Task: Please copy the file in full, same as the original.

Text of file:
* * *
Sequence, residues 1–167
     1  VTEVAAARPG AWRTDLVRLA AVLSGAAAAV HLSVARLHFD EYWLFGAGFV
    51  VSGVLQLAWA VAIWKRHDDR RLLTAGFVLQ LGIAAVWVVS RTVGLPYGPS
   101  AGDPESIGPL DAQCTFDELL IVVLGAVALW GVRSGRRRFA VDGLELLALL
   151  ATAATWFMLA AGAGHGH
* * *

Sequence, residues 1–167
     1  VTEVAAARPG AWRTDLVRLA AVLSGAAAAV HLSVARLHFD EYWLFGAGFV
    51  VSGVLQLAWA VAIWKRHDDR RLLTAGFVLQ LGIAAVWVVS RTVGLPYGPS
   101  AGDPESIGPL DAQCTFDELL IVVLGAVALW GVRSGRRRFA VDGLELLALL
   151  ATAATWFMLA AGAGHGH